An observant reader notes that my description yesterday of Ted Kennedy’s support for legal abortion as “lifelong” is an overstatement. In fact, early in his public career, even Ted Kennedy had not yet embraced the casual cruelty of his party towards the defenseless unborn; indeed, Kennedy’s rhetoric in those early days, displays genuine compassion for the defenseless unborn. Given Kennedy’s centrality to Democratic strategy on this issue – he was the leader of the fight against the Bork nomination – it’s interesting to look back. Here’s Kennedy during his 1970 campaign for a second full term in the Senate:
Spaulding was what today would be called “pro-choice,” and Kennedy, at that time, was passionately opposed to abortion. So when the subject came up, the senator was in full voice. He screamed, “Don’t tell me there isn’t enough love in the world to care for all the unwanted babies.” He mentioned that adoption agencies had waiting lists.
Wanted or unwanted, I believe that human life, even at its earliest stages, has certain rights which must be recognized – the right to be born, the right to love, the right to grow old….Once life has begun, no matter at what stage of growth, it is my belief that termination should not be decided merely by desire….I also share the opinions of those who do not accept abortion as a response to our society’s problems…When history looks back to this era it should recognize this generation as one which cared enough about human beings enough to…fulfill its responsibility to its children from the very moment of conception.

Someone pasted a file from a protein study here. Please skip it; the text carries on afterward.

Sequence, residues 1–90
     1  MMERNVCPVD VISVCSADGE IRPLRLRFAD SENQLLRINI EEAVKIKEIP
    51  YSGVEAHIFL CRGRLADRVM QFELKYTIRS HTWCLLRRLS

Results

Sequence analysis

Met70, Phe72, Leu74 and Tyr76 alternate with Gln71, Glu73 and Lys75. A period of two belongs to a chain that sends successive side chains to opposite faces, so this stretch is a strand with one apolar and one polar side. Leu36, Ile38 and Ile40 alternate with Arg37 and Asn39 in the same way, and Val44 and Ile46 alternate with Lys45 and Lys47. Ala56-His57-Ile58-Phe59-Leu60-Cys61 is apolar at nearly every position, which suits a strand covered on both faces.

Sadly, Kennedy’s estimate of how much love there was in the world, and how much his generation should care about fellow human beings, dwindled with the years – I leave to the reader to speculate on his motivations in the regard, but two of the groups most ardently in favor of legal abortion (not to suggest that they are mutually exclusive) are Democratic presidential candidates and men who have a lot of sex with women not their wives and don’t especially like to pay the consequences. What is clear, however, is that the many years Kennedy spent trying to convince Americans that the pro-life movement was somehow extremist and anti-woman were really a renunciation of his own heart. Because once upon a time, Ted Kennedy cared about the unborn.